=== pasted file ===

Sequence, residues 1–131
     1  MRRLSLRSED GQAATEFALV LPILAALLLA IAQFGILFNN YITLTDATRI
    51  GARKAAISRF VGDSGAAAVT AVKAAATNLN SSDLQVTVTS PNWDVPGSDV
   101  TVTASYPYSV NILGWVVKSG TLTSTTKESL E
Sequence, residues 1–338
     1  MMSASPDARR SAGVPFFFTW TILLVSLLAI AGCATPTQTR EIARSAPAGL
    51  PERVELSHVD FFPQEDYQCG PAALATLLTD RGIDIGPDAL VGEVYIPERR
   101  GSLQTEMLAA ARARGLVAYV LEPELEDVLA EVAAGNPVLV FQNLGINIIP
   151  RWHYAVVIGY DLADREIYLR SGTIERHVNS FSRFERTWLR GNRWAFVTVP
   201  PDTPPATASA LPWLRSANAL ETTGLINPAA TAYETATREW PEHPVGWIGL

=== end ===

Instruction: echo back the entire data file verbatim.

Sequence, residues 1–131
     1  MRRLSLRSED GQAATEFALV LPILAALLLA IAQFGILFNN YITLTDATRI
    51  GARKAAISRF VGDSGAAAVT AVKAAATNLN SSDLQVTVTS PNWDVPGSDV
   101  TVTASYPYSV NILGWVVKSG TLTSTTKESL E
Sequence, residues 1–338
     1  MMSASPDARR SAGVPFFFTW TILLVSLLAI AGCATPTQTR EIARSAPAGL
    51  PERVELSHVD FFPQEDYQCG PAALATLLTD RGIDIGPDAL VGEVYIPERR
   101  GSLQTEMLAA ARARGLVAYV LEPELEDVLA EVAAGNPVLV FQNLGINIIP
   151  RWHYAVVIGY DLADREIYLR SGTIERHVNS FSRFERTWLR GNRWAFVTVP
   201  PDTPPATASA LPWLRSANAL ETTGLINPAA TAYETATREW PEHPVGWIGL